The black swan is common in the wetlands of southwestern and eastern Australia and adjacent coastal islands.
Food consists of algae and weeds, which the bird obtains by plunging its long neck into water up to 1 m deep.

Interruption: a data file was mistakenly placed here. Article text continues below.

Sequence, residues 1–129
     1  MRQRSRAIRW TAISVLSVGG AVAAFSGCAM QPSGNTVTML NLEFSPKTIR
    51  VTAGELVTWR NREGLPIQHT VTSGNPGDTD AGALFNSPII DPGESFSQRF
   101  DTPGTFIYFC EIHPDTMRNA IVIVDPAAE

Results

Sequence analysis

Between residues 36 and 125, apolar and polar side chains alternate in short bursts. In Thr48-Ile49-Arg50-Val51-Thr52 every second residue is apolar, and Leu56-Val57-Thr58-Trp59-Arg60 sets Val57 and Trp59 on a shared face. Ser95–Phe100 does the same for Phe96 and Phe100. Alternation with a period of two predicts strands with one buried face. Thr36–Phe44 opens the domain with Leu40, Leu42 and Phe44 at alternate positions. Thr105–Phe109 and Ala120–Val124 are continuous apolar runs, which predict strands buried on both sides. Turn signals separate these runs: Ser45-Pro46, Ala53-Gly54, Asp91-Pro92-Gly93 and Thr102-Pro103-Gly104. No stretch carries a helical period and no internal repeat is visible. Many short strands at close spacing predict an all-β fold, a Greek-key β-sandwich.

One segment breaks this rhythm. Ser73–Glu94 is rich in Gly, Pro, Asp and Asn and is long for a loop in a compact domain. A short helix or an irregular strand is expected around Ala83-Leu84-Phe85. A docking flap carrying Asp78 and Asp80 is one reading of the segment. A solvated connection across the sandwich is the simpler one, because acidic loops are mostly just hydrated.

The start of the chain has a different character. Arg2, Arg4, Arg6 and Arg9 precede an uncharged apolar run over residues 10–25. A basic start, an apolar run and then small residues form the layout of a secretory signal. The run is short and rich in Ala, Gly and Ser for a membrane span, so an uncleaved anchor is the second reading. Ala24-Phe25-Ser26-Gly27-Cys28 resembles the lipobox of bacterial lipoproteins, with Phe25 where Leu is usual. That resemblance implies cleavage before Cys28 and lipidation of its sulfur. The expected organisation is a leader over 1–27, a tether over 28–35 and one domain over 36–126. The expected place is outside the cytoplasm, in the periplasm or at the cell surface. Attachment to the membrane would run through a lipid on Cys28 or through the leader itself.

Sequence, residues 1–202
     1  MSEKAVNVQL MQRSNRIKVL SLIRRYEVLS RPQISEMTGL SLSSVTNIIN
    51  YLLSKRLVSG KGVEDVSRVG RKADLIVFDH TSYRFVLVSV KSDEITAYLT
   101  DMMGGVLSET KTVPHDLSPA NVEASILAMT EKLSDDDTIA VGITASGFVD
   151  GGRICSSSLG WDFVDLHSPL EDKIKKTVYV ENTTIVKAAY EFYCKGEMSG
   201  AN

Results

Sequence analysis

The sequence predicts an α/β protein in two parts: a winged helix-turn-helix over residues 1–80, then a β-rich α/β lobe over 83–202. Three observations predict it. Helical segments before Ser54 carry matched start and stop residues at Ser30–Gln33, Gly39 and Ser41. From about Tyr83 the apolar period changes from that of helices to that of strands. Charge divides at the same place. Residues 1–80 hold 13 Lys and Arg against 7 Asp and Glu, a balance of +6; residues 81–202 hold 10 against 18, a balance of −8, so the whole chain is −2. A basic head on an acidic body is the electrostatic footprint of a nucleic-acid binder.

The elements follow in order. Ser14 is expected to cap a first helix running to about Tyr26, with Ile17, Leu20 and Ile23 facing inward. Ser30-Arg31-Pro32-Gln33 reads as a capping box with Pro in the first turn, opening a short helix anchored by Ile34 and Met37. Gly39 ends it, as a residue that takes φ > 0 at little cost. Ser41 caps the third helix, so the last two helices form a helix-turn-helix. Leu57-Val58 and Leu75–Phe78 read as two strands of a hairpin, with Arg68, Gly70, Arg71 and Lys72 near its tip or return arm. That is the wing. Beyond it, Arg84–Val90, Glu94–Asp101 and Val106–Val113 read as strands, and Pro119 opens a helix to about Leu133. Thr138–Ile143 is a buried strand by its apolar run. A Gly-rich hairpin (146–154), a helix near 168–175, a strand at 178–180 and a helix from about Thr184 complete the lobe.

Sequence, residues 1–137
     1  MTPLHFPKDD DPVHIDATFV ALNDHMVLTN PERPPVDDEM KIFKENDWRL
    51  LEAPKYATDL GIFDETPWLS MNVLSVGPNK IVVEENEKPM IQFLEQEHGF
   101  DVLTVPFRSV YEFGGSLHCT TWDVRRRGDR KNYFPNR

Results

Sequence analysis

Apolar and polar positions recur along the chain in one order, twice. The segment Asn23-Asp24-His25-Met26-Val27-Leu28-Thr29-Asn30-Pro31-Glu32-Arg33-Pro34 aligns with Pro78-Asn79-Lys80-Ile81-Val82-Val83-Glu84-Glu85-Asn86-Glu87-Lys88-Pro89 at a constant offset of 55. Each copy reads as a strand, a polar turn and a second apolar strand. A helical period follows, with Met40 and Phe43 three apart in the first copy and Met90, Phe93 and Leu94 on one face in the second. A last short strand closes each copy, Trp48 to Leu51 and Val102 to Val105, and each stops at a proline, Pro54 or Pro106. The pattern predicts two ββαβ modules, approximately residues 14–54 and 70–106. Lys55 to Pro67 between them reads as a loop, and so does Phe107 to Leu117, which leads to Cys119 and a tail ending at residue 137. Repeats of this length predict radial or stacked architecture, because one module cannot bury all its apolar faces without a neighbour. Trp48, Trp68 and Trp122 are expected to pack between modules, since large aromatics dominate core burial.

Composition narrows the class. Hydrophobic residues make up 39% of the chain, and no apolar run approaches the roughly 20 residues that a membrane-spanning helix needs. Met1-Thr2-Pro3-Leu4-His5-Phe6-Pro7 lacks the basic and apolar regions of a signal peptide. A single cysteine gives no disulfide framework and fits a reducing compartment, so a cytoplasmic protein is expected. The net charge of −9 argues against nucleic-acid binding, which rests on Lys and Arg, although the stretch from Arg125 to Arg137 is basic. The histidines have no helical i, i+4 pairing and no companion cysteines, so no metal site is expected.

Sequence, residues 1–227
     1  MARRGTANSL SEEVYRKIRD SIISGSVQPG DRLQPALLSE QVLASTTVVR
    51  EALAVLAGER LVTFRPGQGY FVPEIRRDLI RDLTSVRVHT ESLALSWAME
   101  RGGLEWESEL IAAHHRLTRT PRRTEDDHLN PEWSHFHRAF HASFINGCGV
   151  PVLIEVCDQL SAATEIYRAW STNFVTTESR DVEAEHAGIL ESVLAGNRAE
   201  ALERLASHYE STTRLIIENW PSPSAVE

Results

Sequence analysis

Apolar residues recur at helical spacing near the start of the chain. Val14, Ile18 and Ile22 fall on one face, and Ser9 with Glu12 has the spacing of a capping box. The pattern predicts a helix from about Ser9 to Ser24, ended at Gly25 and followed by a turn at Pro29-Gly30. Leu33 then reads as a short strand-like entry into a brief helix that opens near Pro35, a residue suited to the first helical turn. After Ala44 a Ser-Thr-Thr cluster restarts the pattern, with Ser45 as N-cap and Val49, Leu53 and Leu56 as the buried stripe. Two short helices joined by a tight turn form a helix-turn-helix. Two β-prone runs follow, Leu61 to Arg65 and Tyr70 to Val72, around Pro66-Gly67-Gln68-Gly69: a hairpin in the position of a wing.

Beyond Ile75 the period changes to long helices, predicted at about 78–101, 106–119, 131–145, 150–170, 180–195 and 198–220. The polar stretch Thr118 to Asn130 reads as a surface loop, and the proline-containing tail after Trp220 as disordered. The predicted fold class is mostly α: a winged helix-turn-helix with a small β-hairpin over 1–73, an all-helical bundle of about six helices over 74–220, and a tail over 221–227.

Black swans are mostly black-feathered birds, with white flight feathers. The bill is bright red, with a pale bar and tip; and legs and feet are greyish-black. Cobs (males) are slightly larger than pens (females), with a longer and straighter bill. Cygnets (immature birds) are a greyish-brown with pale-edged feathers.Mature black swans measure between 110 and 142 centimetres (43 and 56 in) in length and weigh 3.7–9 kilograms (8.2–19.8 lb). Their wing span is between 1.6 and 2 metres (5.2 and 6.6 ft). The neck is long (relatively the longest neck among the swans) and curved in an "S"-shape.